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Nestled within the vast landscapes of Arizona lies the Canyon de Chelly National Monument, a testament to the ancient Navajo routes that have been in use for centuries. Among the myriad paths that lead into the three main ravines of this monument, the White House Ruin Trail stands out as the only route open to unaccompanied hikers. This trail offers a unique journey, descending nearly 600 feet to unveil one of the most iconic ancient dwellings in the monument.
The Trail’s Significance
The White House Ruin Trail is not just a path; it’s a passage through time. As you embark on this 1.2-mile journey, you’ll experience a descent of 560 feet, transitioning from the canyon’s rim to its floor. This trail is the gateway to the White House Ruin, a two-level ancient dwelling that paints a vivid picture of the past. The lower level is situated on the valley floor, while the upper level is nestled 50 feet up in an alcove.
The Trail’s Path
Starting from the White House Overlook along the South Rim Drive, the trail heads due south, skirting the canyon’s edge. As you proceed, the path descends, taking you through a series of switchbacks that navigate a boulder-strewn slope. The trail then curves around a slickrock bowl, leading to a gentler, sandy terrain. As you move northward, you’ll pass through short tunnels, eventually reaching the flat land beside the Chinle Wash.
The Canyon’s Beauty
Upon reaching the valley floor, a majestic rock formation rises 560 feet ahead, marking a U-bend along the wash. To the south, a cultivated area stretches out, complete with fences, fields, an orchard, and a traditional hogan. As you continue north, the cliffs tower tall and sheer, guiding you to the ruins.
The White House Ruins
The White House site, with its origins around 1070, stands as a silent witness to the lives of those who once called it home. The lower ruin, which once had around 60 rooms, is complemented by the upper alcove site with 20 rooms, including four kivas. Together, these structures provided shelter to at least 50 individuals. Today, only half of the lower ruin remains visible, with parts having been washed away in the early 20th century. Excavations over the years have unveiled burial sites, tools, projectile points, and a rich collection of pottery.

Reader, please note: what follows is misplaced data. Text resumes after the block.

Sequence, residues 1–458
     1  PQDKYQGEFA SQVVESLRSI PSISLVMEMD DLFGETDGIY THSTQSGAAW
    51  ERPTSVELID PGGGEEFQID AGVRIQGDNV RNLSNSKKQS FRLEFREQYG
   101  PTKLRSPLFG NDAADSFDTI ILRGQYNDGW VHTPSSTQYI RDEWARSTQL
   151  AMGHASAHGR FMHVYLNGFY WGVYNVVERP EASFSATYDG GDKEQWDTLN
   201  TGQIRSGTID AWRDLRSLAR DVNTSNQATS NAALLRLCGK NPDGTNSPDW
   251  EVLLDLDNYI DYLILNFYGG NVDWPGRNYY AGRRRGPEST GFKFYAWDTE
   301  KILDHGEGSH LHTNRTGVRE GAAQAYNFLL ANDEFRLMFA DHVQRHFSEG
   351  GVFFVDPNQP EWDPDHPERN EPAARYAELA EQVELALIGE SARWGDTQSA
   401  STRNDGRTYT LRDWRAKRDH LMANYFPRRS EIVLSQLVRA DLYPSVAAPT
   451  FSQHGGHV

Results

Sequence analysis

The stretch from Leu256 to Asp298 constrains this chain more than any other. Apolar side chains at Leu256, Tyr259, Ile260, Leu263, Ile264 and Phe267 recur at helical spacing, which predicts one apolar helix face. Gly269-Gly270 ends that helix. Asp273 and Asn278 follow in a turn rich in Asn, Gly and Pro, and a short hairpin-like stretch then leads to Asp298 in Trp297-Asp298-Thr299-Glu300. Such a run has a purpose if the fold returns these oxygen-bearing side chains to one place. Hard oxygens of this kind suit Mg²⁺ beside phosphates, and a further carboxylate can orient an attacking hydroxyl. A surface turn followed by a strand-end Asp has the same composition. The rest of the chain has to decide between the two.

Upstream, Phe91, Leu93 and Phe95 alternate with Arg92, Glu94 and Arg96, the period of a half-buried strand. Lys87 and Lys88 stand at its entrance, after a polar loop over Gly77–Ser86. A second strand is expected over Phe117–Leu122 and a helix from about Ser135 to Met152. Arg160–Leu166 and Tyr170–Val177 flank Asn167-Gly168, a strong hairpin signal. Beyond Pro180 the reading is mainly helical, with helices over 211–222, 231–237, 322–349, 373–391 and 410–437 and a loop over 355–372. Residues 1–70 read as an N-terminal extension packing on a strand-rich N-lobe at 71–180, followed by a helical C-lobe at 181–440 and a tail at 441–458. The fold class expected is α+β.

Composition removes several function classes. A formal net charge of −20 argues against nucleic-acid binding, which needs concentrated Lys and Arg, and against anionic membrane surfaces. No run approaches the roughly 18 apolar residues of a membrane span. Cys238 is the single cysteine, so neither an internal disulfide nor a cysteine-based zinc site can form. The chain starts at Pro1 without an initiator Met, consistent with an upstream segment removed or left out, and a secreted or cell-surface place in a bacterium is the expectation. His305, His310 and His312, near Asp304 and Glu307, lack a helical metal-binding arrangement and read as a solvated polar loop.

Similar Trails to Explore
- Alcove House in Bandelier National Monument, New Mexico
- Lime Canyon in Cedar Mesa, Grand Gulch, and Comb Ridge, Utah
- Petroglyph Point Trail in Mesa Verde National Park, Colorado
- Sand Canyon in Canyons of the Ancients National Monument, Colorado
- Island Trail in Walnut Canyon National Monument, Arizona
How to Pronounce Canyon de Chelly
According to Wikipedia the name Canyon de Chelly comes from:
The name chelly (or Chelley) is a Spanish borrowing of the Navajo word Tséyiʼ, which means “canyon” (literally “inside the rock” < tsé“rock” + -yiʼ “inside of, within”). The Navajo pronunciation is IPA: [tséɣiʔ]. The Spanish pronunciation of de Chelly [deˈtʃeʎi] was adapted into English, apparently through modeling after a French-like spelling pronunciation, and is pronounced /dəˈʃeɪ/ (də·shā′).
There are many scenic outlooks for photography around the rim of the canyon:
One of the more popular things at Canyon de Chelly is the White House Ruins. Nestled into the edge of the lower canyon with southern exposure is a set of Indian ruins named the White House Ruins. This trail is the only one you can go without a Navajo escort. The reason they call it the White House is because of the white-colored plaster/paint used on the house. White House Ruins stands out above lower ruins in a sandstone cave in Canyon De Chelly National Monument. The Anasazi people built these ruins. Anasazi is Navajo for “the ancient ones.”
Here is a video of the Anasazi White House Ruins from the outlook above:
What makes Canyon de Chelly unique compared to other canyons in the United States?